Published: Sep 15, 2020 by Greg Woodbury
People tend to default to either allowing errors to stop further processing, or if they are handling the errors, they tend to send email alerts to a single technology team with some vague details about the error that has occurred.
ETL tools are really good for quickly getting data into a system. Where they can struggle is in their difficulty to build robust error handling processes. Data representations tend to change over time as the business evolves. When data in the source system changes unexpectedly in either data type or the representation of the data, unless you have well built error handling, you may find that you are fighting costly downtimes. Take, for example, dollar values in a file that are now suddenly being sent with a leading dollar sign where they used to be omitted. This is typically a pretty easy fix, just update the source definition to account for the new dollar sign and you are off and running, but what if the data change doesn’t affect the entire data source, but instead a single record or handful of records. While many tools have the ability to kick out bad data for additional error handling, in our experience people tend to default to either allowing errors to stop further processing, or if they are handling the errors, they tend to send email alerts to a single technology team with some vague details about the error that has occurred.
When an error occurs in the system and an email alert is sent, the most common things we see happen are:
- Alert is sent to technology team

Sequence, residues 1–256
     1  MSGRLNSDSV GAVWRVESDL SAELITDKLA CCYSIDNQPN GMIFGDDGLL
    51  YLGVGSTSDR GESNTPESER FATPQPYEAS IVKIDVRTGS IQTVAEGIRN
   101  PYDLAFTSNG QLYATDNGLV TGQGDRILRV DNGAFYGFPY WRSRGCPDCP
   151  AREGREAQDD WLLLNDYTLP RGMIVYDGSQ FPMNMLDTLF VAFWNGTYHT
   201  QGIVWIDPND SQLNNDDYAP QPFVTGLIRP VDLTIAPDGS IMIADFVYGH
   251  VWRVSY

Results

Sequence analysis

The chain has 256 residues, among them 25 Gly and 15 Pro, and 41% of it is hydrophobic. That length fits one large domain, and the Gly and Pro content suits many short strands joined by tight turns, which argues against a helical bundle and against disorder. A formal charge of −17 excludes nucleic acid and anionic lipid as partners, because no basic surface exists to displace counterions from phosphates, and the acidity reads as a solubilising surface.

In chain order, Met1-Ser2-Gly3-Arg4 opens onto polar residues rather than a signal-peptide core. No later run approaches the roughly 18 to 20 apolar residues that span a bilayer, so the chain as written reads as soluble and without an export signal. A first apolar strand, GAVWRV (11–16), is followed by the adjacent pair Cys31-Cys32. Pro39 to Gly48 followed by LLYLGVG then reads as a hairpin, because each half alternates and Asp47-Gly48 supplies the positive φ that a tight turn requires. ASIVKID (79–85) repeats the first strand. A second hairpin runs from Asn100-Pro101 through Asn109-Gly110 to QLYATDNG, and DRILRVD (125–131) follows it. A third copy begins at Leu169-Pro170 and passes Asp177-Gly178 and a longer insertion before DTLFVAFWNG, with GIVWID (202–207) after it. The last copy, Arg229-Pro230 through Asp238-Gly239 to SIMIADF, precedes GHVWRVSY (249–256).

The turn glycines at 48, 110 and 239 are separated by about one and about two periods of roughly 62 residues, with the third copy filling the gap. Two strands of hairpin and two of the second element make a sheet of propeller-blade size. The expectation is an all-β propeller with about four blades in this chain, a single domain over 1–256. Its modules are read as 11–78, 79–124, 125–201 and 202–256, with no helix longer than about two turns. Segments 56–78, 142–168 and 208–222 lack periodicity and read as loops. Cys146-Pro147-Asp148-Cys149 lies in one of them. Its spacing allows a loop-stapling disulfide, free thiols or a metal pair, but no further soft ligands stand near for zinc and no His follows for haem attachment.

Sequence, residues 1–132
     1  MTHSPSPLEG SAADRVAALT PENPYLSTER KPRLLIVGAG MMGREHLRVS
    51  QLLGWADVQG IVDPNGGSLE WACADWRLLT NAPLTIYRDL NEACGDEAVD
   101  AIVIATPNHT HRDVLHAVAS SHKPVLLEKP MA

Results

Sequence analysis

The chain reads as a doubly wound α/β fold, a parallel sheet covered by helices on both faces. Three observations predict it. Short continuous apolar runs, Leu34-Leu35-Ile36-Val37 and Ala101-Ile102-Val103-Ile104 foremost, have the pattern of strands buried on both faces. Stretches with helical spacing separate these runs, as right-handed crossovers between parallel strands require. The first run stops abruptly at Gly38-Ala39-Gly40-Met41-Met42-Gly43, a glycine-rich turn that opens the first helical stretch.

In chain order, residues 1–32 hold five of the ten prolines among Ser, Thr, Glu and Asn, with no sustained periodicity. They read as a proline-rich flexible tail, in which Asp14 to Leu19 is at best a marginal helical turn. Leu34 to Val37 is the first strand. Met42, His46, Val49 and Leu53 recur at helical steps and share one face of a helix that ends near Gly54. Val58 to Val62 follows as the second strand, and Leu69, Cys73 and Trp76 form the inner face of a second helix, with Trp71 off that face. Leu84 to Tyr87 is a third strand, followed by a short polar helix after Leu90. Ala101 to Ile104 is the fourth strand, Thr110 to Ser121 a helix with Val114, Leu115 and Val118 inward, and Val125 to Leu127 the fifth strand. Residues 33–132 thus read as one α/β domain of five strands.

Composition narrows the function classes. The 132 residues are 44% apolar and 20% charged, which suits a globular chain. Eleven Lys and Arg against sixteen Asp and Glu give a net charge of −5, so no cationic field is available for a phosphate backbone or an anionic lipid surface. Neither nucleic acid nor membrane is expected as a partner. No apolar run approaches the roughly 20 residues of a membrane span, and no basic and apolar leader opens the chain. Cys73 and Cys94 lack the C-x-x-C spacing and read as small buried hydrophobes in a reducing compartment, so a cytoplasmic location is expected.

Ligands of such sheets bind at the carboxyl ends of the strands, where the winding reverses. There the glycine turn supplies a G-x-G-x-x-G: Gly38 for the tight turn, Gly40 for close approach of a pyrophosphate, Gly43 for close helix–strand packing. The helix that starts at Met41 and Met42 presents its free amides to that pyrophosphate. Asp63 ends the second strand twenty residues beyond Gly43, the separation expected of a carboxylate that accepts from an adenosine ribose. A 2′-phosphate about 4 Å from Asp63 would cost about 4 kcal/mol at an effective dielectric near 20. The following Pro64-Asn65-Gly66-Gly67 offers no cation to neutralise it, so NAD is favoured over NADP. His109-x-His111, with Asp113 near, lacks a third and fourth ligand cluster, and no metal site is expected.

- Technology team investigates and confirms it is a problem with the data (5-10 min)
- Technology team contacts operations team to contact vendor or fix issue internally (5-10 min to explain and hand over issue)
- Errors are patched or data is resent (variable; a few minutes to a few hours)
- System processes data (variable)
- Data correctness is confirmed by the team (5-10 min)
- Data becomes available to firm
The complexity of a system can really be seen in the steps that a team goes through to resolve an issue with bad data where even to fix a simple issue, the process can take upward of 30 minutes.
While building data ingestion workflows it is good to keep in mind the current process the business goes through and, at a minimum, try to route meaningful errors to the appropriate team. Ideally, the system would be able to do some baseline troubleshooting and make on the fly sensible adjustments to data to try and process it or in the event of total failure, provide good tools and context about the error, so the team can quickly research the issue and make the necessary edits.
Often building these types of workflows into systems becomes dependent on the time cost. The idea of handling errors is vague and many different types of errors may occur so it is difficult to define what should be handled and how. We see that many opt to forego building error handling all together because the relative incremental cost of a single failure can be small. That cost does add up over time, however.
With the combination of some simple analysis of the current business process and some logical and sensible checks systematic checks on the data you can cut down on costly downtime due to unexpected data.